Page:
Tax brackets, credits, and deductions change slightly each year, and sometimes they change dramatically with new laws. Though there haven’t been any major changes in 2019 that will affect your 2019 tax return, there are some recent changes to things like mortgage interest deductions and personal deductions you should keep in mind. Here’s what homeowners need to know about filing taxes in 2020.
This blog post is not legal or financial advice. Always consult with a tax expert before filing your taxes.
The Basics for Tax Filing in 2020
Last year, all taxpayers saw a number of changes to their tax returns from President Trump’s Tax Cuts and Jobs Act (TCJA). These changes are still in effect, but filing your taxes this year in 2020 will be very similar to last year. To recap, here are some of the biggest changes from the TCJA:
- The personal exemption was eliminated and standard deduction increased: $12,200 for individuals, $18,350 for heads of household, and $24,400 for married couples.
- Deductible state, local, and property taxes are now limited to $10,000
- Mortgage interest debt ceiling reduced from $1.1 million to $750,000
When are Taxes Due in 2020?
One of the most important things you need to know about filing taxes in 2020 is when your tax return is due. Your 2019 tax return is due on Wednesday, April 15, 2020, unless you file for an extensio. It’s a good idea to get necessary documents together well before then, so you have time to track down anything that’s missing.
What Documents Do Homeowners Need to File Taxes in 2020?
If you are employed, you’ll need your W-2s to complete your taxes, as well as other documents for other types of income or investments. To claim tax credits and deductions specifically for homeowners, you’ll need a few different documents.
- Form 1098 for the home mortgage interest deduction
- Records of property taxes paid if you itemize your return
- Home equity loan interest paid
- Records of home improvements and home improvements materials
Tax Credits and Deductions for Homeowners in 2020
All of these tax credits and deductions for homeowners in 2020 are only available on an itemized return. Since the standard deduction increased after the TCJA, it might not be worth it to itemize. You’ll want to add up all the deductions you could get from itemizing, including deductions for healthcare expenses, educational expenses, and other expenses, and see if you’ll get more from this than your standard deduction.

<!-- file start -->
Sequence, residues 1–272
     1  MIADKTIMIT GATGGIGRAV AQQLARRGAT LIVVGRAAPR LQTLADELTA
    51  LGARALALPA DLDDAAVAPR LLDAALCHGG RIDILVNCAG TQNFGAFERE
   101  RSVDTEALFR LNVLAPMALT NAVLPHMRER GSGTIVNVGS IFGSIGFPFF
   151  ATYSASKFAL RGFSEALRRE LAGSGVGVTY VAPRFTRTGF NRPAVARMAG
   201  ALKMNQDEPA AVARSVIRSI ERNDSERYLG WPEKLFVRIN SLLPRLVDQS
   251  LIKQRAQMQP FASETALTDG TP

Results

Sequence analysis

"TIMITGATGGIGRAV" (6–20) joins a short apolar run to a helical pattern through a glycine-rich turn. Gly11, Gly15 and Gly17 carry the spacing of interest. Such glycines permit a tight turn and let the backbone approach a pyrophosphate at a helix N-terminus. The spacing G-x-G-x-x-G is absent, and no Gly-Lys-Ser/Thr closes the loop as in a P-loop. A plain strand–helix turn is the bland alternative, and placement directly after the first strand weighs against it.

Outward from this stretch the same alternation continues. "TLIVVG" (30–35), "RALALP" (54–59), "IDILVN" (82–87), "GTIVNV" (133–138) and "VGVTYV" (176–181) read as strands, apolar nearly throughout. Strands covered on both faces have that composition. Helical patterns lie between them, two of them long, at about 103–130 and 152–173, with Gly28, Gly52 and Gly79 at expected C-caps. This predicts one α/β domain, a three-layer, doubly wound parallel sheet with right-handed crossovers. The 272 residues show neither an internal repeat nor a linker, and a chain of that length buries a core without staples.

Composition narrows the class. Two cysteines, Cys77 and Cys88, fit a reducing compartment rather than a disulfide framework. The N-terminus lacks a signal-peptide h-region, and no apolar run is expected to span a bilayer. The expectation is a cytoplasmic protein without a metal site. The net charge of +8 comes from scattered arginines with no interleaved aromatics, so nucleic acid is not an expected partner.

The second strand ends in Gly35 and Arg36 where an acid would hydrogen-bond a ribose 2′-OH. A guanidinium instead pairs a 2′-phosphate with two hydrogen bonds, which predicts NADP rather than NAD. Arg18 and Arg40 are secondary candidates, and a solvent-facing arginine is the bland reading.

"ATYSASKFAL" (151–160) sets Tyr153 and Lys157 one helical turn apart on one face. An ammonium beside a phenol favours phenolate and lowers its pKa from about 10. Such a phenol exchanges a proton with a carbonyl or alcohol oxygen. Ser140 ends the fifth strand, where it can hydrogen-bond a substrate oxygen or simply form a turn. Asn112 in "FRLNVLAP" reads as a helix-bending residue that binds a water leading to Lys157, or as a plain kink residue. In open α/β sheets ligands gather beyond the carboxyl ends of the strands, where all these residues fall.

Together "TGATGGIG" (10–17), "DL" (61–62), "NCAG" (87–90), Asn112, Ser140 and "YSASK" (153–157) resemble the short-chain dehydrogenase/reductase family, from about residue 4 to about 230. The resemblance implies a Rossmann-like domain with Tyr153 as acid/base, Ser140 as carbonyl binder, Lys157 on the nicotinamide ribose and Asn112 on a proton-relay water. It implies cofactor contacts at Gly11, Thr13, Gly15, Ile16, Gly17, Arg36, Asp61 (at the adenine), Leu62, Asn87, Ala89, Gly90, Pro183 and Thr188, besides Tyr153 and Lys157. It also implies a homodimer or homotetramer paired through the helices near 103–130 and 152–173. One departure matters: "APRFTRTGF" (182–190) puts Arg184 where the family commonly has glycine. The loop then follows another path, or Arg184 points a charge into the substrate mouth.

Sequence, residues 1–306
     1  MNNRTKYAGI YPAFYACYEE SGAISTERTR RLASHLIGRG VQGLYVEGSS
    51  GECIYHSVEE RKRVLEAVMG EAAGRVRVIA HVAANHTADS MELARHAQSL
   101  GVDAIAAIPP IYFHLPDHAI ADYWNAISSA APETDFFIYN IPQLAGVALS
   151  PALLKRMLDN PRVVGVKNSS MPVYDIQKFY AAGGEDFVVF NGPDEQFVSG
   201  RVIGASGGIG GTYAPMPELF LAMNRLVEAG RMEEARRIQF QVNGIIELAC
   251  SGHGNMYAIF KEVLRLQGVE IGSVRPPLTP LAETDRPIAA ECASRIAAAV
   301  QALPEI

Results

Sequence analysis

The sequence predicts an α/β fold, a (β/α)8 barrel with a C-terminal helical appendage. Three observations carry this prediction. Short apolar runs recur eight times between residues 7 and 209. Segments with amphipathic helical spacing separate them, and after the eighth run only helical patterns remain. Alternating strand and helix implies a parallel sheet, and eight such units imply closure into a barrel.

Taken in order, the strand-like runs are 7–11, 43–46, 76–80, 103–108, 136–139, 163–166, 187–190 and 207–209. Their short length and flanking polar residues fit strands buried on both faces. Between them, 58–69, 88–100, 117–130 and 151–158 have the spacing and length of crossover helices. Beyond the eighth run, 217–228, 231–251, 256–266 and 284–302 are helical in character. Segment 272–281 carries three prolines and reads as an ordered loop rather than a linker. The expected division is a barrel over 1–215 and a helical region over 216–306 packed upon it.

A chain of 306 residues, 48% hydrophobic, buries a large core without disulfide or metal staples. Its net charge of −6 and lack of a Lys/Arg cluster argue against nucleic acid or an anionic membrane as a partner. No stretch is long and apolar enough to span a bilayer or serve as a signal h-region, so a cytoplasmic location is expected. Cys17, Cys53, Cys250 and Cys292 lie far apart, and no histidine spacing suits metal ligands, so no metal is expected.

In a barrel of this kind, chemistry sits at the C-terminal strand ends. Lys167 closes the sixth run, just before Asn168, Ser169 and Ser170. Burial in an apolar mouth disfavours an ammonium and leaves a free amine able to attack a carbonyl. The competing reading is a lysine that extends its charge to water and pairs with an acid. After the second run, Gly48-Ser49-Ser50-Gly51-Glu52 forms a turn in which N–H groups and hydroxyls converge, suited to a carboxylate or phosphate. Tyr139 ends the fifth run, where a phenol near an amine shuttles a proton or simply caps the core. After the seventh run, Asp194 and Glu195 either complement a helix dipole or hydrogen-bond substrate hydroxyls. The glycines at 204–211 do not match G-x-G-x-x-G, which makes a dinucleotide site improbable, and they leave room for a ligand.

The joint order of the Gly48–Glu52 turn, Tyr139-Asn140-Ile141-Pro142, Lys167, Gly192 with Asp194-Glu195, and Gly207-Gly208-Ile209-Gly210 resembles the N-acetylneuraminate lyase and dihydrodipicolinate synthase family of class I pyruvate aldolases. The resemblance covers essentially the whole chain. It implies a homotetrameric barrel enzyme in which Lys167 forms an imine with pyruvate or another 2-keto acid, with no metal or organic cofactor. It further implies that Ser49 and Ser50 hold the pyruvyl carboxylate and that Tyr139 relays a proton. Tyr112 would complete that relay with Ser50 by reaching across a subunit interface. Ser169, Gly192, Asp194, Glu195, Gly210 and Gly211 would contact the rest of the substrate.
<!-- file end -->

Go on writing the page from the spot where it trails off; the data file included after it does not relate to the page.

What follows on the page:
Deducting Mortgage Interest on Your 2019 Return
The mortgage interest deduction is one of the most important things homeowners should know about filing taxes in 2020. If you own a home, the interest that you pay on your mortgage is deductible. Your lender will provide Form 1098 showing how much you paid on mortgage interest. This deduction is for mortgage interest only, so you can’t deduct things like mortgage insurance, homeowners insurance, title insurance, or other costs. Also, you can only deduct interest on $750,000 of debt or less. If your home is more than this, only a portion of the mortgage interest you paid is deductible. You can use this deduction for a primary or second home, with some stipulations.
You’ll need to itemize your return to benefit from this deduction, so if your mortgage interest is less than your standard deduction ($12,200 for single people and $24,400 for married couples) then it might not be worth it to take this deduction. You’ll want to add up the other itemized deductions you could take advantage of to find the biggest benefits.
Deducting Home Equity Loan Interest on Your 2019 Return
Before the TCJA, you could have deducted interest from your home equity loan regardless of what you used the loan for. Now, you can only deduct this interest if you used the loan to improve your home value. For example, if you purchased a fixer-upper intending to remodel and renovate it, and you took out a home equity loan to do it, you could deduct the interest you pay. This interest is deductible in the same way as your mortgage interest (see above), as long as it is used to repair or remodel your home. The deductible interest is subject to the same ceiling as the previous deduction, and you must combine the total debt. This means the total debt you can deduct interest from cannot be greater than $750,000.
Deducting Property Taxes and Local Income Tax
Before the TCJA, a homeowner could deduct all of the property taxes they paid throughout the year. It was also possible to pay property taxes early if you had a good year, or expected a tougher time later on. The TCJA put a $10,000 cap on deductible property taxes as well as state and local income taxes. This means, if you add up your property taxes and your state and local income taxes, you can only deduct $10,000 of this.
These important deductions for homeowners in 2020 can help you keep more of your hard-earned money. These deductions can also make it easier to own a home, and make your budget more manageable. Talk to your tax preparer about tax deductions you can use as a homeowner, and any documents you’ll need to claim them.
Find the Best Ways to Increase Your Home Value
Download the Ultimate Guide to Building Equity in Your Home
Get the Guide »